Can governments help the legal tech sector to grow? The short answer is: yes, they can. A case in point is how the British Government and especially the Ministry of Justice (MoJ) is helping about as much as it can at present to boost the legal tech sector in the UK.
An example of this was a special event held near Parliament earlier this week in London, organised by the MoJ, to showcase British legal tech talent and home-grown companies working in the legal tech sector here.
The key speaker was the Lord Chancellor, the Minister in charge of the MoJ, David Gauke, (pictured), which immediately tells you something: people in government, who have a million pressing things to handle, took time out to promote and support the growth of legal tech companies and encourage lawyers to use this technology.
Some of the key points Gauke made were that he wanted to create ‘an environment where law tech can thrive’, that he recognised clients were keen to embrace new ways of conducting some aspects of legal work, such as via automation, and that he and the Government in general were very keen to see the UK’s legal tech sector grow and in turn help the legal sector here retain its position on the world stage.
I.e. the MoJ is connecting with a direct link the growth and adoption of legal tech, to the success of the legal market, to being able to compete globally. And that is an important view.
Gauke noted the importance of the commercial courts in the UK, which handle many international matters and the fact that around 40% of all international arbitrations are under English law. The UK is also home to many of the largest law firms in the world.
Hence, QED, if the legal market falls behind on legal tech, if it cannot meet client needs on matters such as efficiency, then the legal sector falls behind, and that’s not just bad for lawyers and their clients, it’s bad for the economy as a whole.
‘Fostering innovation is a priority for the Government,’ he added and then noted several examples of innovation in the UK’s legal sector, from incubators, such as MDR Lab and Barclays Eagle Labs, to the many startups developing here, of which several were in the room that day.
It was also especially interesting to hear Gauke say that he wanted the UK to be a centre for the development of smart contracts and that he noted the work of the Accord Project in particular.
‘If smart contracts will one day be part of the fourth industrial revolution then I’d like to see them developed here and under English law,’ said Gauke.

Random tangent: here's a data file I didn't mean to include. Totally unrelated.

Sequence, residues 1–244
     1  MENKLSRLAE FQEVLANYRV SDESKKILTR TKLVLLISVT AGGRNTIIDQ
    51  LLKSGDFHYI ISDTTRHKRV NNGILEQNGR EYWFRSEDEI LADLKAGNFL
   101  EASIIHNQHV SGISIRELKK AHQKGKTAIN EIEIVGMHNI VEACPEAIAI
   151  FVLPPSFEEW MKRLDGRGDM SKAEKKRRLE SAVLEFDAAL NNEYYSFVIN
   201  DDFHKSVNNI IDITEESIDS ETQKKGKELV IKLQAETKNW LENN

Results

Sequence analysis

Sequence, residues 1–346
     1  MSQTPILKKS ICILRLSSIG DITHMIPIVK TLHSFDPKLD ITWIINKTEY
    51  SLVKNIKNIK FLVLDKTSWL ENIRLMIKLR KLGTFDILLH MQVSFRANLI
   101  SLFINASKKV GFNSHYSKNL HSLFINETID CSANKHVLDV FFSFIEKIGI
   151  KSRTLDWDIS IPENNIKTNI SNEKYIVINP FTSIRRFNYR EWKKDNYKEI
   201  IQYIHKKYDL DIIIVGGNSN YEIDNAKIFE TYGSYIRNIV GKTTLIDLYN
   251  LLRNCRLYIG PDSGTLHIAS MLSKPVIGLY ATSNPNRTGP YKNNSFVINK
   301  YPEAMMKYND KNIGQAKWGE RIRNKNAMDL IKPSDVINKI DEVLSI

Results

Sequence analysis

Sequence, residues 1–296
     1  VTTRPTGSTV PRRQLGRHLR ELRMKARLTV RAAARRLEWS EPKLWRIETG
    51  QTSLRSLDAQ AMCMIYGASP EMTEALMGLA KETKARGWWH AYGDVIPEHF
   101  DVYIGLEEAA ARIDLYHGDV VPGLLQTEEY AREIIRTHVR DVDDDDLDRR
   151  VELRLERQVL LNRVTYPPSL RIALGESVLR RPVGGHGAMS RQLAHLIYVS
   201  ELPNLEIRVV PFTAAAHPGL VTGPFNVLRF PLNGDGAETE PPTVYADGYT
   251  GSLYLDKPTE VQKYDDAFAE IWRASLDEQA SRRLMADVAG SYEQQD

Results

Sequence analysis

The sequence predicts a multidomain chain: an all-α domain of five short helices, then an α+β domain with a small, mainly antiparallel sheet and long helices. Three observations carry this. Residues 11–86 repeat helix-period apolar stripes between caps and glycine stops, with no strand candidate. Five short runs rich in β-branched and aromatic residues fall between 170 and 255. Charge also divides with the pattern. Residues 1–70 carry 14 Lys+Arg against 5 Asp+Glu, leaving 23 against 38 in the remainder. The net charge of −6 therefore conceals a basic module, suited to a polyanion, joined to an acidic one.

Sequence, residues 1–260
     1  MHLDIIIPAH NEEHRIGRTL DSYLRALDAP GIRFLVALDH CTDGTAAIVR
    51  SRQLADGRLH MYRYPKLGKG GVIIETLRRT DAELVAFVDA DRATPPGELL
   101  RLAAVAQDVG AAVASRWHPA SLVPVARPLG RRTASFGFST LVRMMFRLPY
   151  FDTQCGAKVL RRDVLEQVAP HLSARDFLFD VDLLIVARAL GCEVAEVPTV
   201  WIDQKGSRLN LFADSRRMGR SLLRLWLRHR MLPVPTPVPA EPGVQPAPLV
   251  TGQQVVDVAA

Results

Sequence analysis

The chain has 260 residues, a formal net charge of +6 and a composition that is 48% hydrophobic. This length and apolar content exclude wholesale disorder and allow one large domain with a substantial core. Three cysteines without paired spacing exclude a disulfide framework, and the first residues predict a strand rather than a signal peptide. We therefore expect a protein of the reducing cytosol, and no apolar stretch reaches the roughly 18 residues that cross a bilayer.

And, it’s fair to say that there is some great work going on here with companies such as Clause, led by Peter Hunn, who is also working with the Law Tech Delivery Panel (LTDP).
The LTDP is another example of a Government-backed initiative to support legal tech, and is chaired by the current Law Society President, Christina Blacklaws, who noted that the panel and its several taskforces provide a great means for people to come together and keep working together to further legal tech development.
Blacklaws also stressed that Government and other institutional bodies can do two things very well that can help legal tech. First, they can act as a convener and bring people together. And secondly, they can help make sure that the right regulatory environment exists to help innovation and address any barriers that exist.
Jimmy Vestbirk, of Legal Geek fame, also gave a short speech about how vibrant the legal tech world is now, especially in the UK, with his annual conference growing at incredible speed as a reflection of this reality.
And of course, let’s not forget the Innovate UK funding recently of a raft of legal tech projects, involving tech companies, universities and leading law firms. This will help drive innovation that perhaps would not have happened otherwise.
All in all there is a lot of good coming from this. However, Artificial Lawyer did note one thing that perhaps needs to be looked at, which is to ensure that the UK is able to welcome and attract legal tech talent and investment from all over the world.
Artificial Lawyer can think of several great legal tech companies based in the UK that are packed with talent and investment from abroad. We don’t want to lose that, especially at this time of Brexit.
One of the reasons that the US has done so well with tech development in general in the past is that they have actively encouraged experts from around the planet to study, work, and build their tech companies in America.
Artificial Lawyer had a chance to raise this point with the Lord Chancellor and he replied that he indeed supported the need to attract talent to the UK that would help the legal tech sector here to thrive – which was good to hear.
Conclusion: can governments help the legal tech sector? Yes, they can. Whether it is providing funding for research, to convening groups of experts to work together and share knowledge, to making sure the right regulations are in place to be supportive, there is much that government can do. And this is very much welcomed.
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